And the inclusion of the service providers is where this lawsuit gets fun, because Amazon has already replied asserting section 230 protections, and I can't imagine that Apple and Barnes & Noble will be terribly far behind them in doing the same. Including the companies in the suit would obviously be advantageous from a monetary award standpoint, but that would rely on those companies being considered publishers of A Gronking To Remember. Are they?
No, I don't think so. In the context of books such as this, those companies do two things: they assist authors in self-publishing and they provide a platform where self-published works can be purchased. Neither of those actions are consistent with what a book-publisher does and have more in common with websites that allow readers to publish their own comments, which obviously falls under section 230 protections. The platform-providers, or service providers, didn't choose the cover images or create them, so I'm not sure where their culpability would lie. The inclusion of the service providers sounds like an attempt at a money-grab.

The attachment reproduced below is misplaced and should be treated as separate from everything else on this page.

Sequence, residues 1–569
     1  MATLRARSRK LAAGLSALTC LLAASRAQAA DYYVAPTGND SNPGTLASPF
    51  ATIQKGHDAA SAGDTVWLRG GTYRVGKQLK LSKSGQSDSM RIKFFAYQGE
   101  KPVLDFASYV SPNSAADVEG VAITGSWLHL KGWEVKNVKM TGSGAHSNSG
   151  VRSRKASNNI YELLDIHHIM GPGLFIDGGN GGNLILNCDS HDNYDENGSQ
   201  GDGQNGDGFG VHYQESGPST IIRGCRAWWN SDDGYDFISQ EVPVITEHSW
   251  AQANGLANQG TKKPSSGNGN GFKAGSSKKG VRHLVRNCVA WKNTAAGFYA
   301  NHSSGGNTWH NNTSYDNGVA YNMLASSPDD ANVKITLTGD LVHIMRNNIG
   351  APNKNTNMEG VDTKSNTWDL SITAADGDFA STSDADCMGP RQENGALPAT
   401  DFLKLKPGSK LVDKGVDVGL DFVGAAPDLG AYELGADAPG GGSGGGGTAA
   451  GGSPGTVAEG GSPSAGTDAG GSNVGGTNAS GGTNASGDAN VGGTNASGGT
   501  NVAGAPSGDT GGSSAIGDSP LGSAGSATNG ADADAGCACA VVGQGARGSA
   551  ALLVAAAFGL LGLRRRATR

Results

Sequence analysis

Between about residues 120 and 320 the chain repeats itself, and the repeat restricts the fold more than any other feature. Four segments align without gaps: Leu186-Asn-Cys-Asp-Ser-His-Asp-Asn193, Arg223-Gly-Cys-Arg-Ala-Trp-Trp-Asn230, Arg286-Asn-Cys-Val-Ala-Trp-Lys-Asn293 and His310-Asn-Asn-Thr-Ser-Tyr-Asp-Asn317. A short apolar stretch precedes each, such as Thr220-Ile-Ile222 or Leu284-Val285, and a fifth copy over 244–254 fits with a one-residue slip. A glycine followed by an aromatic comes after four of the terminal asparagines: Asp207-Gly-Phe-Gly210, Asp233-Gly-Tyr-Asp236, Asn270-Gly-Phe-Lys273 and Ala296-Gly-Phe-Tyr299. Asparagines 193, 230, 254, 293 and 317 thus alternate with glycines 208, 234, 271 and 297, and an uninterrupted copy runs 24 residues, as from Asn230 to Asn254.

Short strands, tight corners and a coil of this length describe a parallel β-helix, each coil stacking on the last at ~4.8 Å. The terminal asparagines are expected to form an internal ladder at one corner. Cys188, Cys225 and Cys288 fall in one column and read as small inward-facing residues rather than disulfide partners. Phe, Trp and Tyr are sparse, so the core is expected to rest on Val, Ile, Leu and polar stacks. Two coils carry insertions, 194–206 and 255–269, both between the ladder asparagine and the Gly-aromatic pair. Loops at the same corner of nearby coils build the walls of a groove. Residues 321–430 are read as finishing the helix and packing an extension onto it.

In any case, it looks like A Gronking To Remember will be remembered at the very least in court documents.
Honestly, when I first caught wind that Valve was going to suddenly make its platform available for game modders to sell their mods for good old-fashioned money, I initially thought it was great. However, it took only a couple of moments of thinking to realize what a mess this would all be. Taking a modding ecosystem, where talented modders create add-ons and alterations of original games that give gamers exactly what they want, or more of what they want, and injecting money into it represented a misunderstanding of the relationship between modders and gamers, and a failure to understand the gaming community's obvious reaction. Keep in mind that modders already have been making money on Steam, except that they've done so when their mods become desired enough or revered enough to warrant full and separate releases within the game store. This was to be different: modders selling smaller mods within the original game's Steam page. Mods, mind you, help make individual games and entire platforms like Steam more desirable to gamers, also known as Valve's customers. Injecting money this way had what probably should have been easy to predict unintended consequences.